Second-hand Memories

They say that I was awful at Cantonese when I was very little. Not that it has improved drastically over the last twenty years.  I had bad intonation and limited vocabulary and spoke to my sister only in English. This, also, hasn’t changed.

Having an older sister is useful in discovering memories of yourself you never had and which your parents have already forgotten. Anecdotes of fevers, whining, fears of monsters at the window… All of the following is remembered by my sister.

When I was one, the two bones in my left arm were broken, my parents were told, while crawling around (very vigorously?). Social workers came to our house to investigate and to see if the cause was child abuse.  My parents had to temporarily replace the padded mahjong table and chairs they were using as my make-shift crib with a real crib they had to borrow from my aunt.

I don´t think anybody really found out what had happened exactly.  My sister told me that I would stay at my aunt’s house during the day at that age; she was unofficially the Chinatown babysitter because she didn’t work.

My aunt also babysat a pair of cousins, a boy and a girl.  They spoke mandarin. My time spent there resulted in me babbling phrases in perfect mandarin at home, one of which I frequently mimicked was: “Bu yao da mei mei.”

My sister remembered asking my mother, “What is she saying?”

“Don’t hit your little sister.” Probably something my aunt used to repeat to the mandarin-speaking boy.  Perhaps that had something to do with my broken arm, who knows really? The resurfacing of these little bits of information after the course of the years is like finding gold. Perspectives change. Memories alter, adding pieces of you to yourself.

Advertisements

Food, food, food

My taste buds have been thoroughly fulfilled this week, even though this sometimes proves to be a challenge in Madrid when eating out. To find good Asian food (the height of good gastronomy), especially, is a task that requires some research, recommendations, adventure, and the possibility of being disappointed. This is the fun, and sometimes annoying, part about living somewhere so foreign — the lack of the options we are so used to as Americans makes us crawl the city looking for something we are familiar with, or something we want to become familiar with.

Three restaurants we’ve been to this week:

Nipon Taro is a nicely decorated, very decent Japanese restaurant located on Calle Serrano 213, very close to where I work. The greatest thing about lunch hour in Madrid are the fixed menus, which can range usually from 10 to 15 euros for a starter, main course, drink, and dessert. I had been to this restaurant before and had tried their sashimi and sushi platter — all very good, from what I can remember. This time I tried the bento menu, which came with miso soup, various maki, vegetable tempura, and chicken teriyaki. Everything was very fresh and delicious, and all for only 12 euros, wine and green tea ice cream included.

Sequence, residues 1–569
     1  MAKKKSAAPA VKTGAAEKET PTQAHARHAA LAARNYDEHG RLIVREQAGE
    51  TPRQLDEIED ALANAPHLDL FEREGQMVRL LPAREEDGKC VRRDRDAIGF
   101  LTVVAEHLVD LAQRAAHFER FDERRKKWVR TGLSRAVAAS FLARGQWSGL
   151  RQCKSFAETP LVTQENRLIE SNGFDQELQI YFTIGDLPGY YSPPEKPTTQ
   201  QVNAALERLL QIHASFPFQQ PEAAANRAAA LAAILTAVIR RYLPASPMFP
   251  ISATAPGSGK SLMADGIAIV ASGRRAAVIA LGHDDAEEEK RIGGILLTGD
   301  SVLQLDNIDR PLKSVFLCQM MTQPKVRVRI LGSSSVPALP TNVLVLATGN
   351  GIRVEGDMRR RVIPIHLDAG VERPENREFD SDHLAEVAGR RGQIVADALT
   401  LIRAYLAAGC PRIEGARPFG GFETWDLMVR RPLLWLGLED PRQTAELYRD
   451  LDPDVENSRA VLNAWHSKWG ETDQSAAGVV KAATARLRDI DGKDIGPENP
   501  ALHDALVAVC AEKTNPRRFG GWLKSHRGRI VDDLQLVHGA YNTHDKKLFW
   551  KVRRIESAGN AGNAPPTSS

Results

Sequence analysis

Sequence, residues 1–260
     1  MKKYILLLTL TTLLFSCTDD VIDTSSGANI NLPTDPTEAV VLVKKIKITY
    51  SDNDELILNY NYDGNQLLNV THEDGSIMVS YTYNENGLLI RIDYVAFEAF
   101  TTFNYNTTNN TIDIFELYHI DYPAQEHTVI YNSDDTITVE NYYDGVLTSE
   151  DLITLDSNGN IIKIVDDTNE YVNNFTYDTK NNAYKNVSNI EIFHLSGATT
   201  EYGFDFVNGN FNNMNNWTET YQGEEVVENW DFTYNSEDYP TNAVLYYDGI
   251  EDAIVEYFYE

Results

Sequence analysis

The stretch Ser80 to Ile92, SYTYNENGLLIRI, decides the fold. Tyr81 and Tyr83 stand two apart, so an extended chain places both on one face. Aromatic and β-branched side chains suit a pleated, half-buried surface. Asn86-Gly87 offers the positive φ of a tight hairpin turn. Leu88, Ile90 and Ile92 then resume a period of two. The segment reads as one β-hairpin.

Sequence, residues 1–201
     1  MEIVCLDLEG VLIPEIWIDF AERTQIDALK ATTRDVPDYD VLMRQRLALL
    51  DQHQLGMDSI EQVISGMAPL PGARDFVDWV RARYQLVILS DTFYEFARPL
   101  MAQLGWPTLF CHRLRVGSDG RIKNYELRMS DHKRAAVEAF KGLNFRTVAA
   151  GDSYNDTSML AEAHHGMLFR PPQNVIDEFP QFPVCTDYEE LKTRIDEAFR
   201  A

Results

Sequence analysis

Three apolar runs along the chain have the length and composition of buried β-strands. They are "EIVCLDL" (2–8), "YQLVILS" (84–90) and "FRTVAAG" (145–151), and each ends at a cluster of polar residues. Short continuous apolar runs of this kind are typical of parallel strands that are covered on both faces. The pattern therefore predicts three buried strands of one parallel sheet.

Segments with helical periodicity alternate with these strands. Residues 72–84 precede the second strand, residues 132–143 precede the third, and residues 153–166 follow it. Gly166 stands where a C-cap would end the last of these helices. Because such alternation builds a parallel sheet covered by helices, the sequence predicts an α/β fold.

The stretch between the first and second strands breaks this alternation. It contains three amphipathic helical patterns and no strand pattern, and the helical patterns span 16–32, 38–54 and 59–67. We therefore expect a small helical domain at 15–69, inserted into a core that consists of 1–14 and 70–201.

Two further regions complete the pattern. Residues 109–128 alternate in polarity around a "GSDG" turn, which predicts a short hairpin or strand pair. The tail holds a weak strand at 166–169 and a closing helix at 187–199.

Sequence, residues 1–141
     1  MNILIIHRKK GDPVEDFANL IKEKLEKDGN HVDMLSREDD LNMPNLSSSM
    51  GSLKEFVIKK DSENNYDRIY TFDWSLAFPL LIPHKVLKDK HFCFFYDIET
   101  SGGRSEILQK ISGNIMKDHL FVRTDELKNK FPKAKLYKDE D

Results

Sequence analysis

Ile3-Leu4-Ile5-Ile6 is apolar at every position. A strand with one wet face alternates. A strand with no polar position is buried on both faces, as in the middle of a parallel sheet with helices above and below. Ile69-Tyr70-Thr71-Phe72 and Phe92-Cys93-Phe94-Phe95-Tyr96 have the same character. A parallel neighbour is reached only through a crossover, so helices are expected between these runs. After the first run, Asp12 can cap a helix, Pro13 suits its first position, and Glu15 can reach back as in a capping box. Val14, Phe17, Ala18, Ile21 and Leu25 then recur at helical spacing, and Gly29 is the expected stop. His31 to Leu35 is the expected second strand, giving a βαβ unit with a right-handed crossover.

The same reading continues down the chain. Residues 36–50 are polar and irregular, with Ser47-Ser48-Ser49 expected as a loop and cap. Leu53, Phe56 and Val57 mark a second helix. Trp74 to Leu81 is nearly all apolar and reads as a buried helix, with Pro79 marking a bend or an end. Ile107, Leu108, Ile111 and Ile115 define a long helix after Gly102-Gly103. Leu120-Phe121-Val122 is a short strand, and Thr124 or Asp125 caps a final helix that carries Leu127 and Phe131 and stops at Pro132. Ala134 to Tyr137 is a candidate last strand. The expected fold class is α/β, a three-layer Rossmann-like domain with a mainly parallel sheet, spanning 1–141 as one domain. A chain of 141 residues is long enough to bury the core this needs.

We also went to a Korean restaurant called Han Gang, on Calle Atocha near metro station Anton Martín. I had only been to one Korean restaurant in Madrid, near my house, and I usually order the menu de degustación there, which comes with things that are definitely not korean, including tempura and fried rice. En Han Gang, there are actual burners on the tables for you to cook your meat. We ordered kim-chi, bulgoki, some other spicy noodle/ rice dishes, some sake. Food was great, and company was even better. 🙂

P.S. I like how if you read the reviews for this restaurant, there’s one person that says this is a good “restaurante chino.” He might as well have said “Asian food.”

If Royal Cantones restaurant were closer to me, I would become a regular, weekly patron. However, it’s located on the opposite end of Madrid, near metro Almendrales on Calle Olvido 92. The first time I came here last year, I was so comforted by the Cantonese-speaking waitresses and the familiarity of the food — finally, real dim-sum! And dumplings, Chinese veggies, buns, chow fun, everything that I’m used to at home. I felt like I was suddenly not in Madrid anymore. Since then I’ve become a big fan of this place and have come here several times, and the food is always sooo good, so fresh, so yummy, and at an excellent price. The waitresses are also very friendly. This is real Cantonese cooking, and I’ve been so pleased by the food there that I’ve given up on other Chinese restaurants.

P.P.S. And of course, how can I forget the Salon de Té in Antón Martín, which serves us wine, fruit, and shisha as we laze around on oriental rugs and pillows, sharing experiences and shooting the shit…

Next-up on the food challenge… finding a Vietnamese restaurant that serves Pho.